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The Silky Shark

Silky shark (from Latin Carcharhinus falciformis) belongs to the family of requiem sharks (Carcharhinidae) of order Carcharhiniformes.

Like most of the requiem sharks, the silky shark is a perfect swimmer. This is achieved due to a perfectly slender, streamlined body of a typical shark form covered with soft placoid scales, from which it has taken its name. It is also commonly referred to as Florida shark, wide mouth shark, sickle-shaped shark and the tuna killer because of its fancy to feed on tuna caught in the fishing nets.

The silky shark has typical dark coloration of various shades of bronze, grey, blue and golden-brown on its back and white on its belly. These colors gradually fade with aging. The scales covering the skin are so small, it seems as if they are totally absent. In the sunbeams penetrating the water surface the sharks body gleams with golden-blue.

A distinctive feature of this species is long free rear tips found on anal and second dorsal fins. The first dorsal fin is relatively small and slightly rounded, located in front of the pectoral ones. The caudal fin is rather large with a prolonged upper part protruding at the top. The two long sickle-shaped pectoral fins, which darken at the tips, had determined the Latin scientific name of this shark.

The silky shark is easily distinguishable among the other species: in addition to peculiar silky skin and long free rear tips on dorsal fins this species of requiem sharks has a skin fold in between the dorsal fins and a relatively small fore fin, which is concave at the top and shifted to the back in relation to long pectoral fins. The first pectoral fins base is located in close proximity of the last gill slit.

Relatively big round eyes have a third eyelid the well-developed nictitating membrane. Exceptionally keen hearing allows the silky shark orienting by low-frequency noises coming from potential prey. A highly developed sense of smell, which is typical for all pelagic sharks, is of vital importance because it allows finding sources of food on the open sea.

Such an acute sense of smell of this predator allows detecting the victim within several hundreds of meters that in the context of tough competition might play a crucial role. Thus, a more effective sense of smell of longimanus, also known as the oceanic whitetip shark, detects smells, which pervade in the air, thereby it always reaches the target before its silky and blue peers.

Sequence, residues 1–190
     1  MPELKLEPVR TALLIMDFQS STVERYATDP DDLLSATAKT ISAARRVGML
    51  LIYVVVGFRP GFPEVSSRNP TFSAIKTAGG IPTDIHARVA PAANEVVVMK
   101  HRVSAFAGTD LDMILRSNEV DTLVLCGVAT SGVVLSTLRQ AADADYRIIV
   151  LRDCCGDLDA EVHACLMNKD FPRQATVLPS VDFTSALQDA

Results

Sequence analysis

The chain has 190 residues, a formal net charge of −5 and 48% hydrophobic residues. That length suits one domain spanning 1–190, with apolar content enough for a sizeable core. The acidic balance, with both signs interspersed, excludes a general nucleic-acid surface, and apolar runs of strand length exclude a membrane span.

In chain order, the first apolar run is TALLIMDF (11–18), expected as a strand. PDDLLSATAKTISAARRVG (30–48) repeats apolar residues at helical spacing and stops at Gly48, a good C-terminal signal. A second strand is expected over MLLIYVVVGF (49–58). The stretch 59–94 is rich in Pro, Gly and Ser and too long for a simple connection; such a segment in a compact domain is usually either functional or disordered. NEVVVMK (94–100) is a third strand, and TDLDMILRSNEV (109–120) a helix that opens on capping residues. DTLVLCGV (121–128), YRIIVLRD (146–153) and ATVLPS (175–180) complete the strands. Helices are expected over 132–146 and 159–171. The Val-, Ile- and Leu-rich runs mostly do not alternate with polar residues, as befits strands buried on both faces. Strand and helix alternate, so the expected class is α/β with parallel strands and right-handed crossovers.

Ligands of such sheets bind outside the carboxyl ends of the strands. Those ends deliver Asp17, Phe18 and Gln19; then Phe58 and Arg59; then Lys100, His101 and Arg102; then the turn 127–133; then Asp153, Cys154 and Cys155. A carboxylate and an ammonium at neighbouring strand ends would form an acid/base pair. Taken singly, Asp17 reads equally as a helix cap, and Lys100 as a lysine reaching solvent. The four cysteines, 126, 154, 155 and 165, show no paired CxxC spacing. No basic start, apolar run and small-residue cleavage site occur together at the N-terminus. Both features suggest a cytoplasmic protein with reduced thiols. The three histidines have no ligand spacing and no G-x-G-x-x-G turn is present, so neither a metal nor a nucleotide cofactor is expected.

The rather small jaws with sharp saw-edged teeth, which are facing backward, are the perfect weapon suited both for holding down the slippery prey and for effectively cutting it apart. Sharp upper teeth are basically the triangular serrated blades. The lower teeth are smaller, narrower and smooth-edged. The junction between the base and the top of the tooth is well-marked.

The silky or sickle-shaped shark is a large slender fish with a long rounded nose, big eyes and long sickle-shaped jaws on the lower part of its slightly flattened snout. This predator reaches from 2.5 meters up to 3.5 meters in length. The maximum recorded weight is 346 kg. The recent intensive extermination of sharks has resulted in even small specimen of this predator being difficult to encounter. As with most of the recent shark species, males are a bit smaller than females.

The silky shark is an aggressive and a very fast predator. It usually hunts alone, although it can unite into shoals with whitetip, requiem and more rarely with blue sharks and dolphins. It feeds on bottom-lying, pelagic and reef bony fishes, crustaceans and shellfish. It favors the schooling pelagic fish: sardines, grey mullets and mackerels. Its favorite meal is tuna.

Qualifying as species, which migrate for long distances and inhabit predominantly the warm subtropical waters, the silky shark can be found off shore, on island and continental slopes and platforms as well as in deep water reefs. Alongside with the blue and whitetip sharks the silky shark is one of the most widespread pelagic sharks.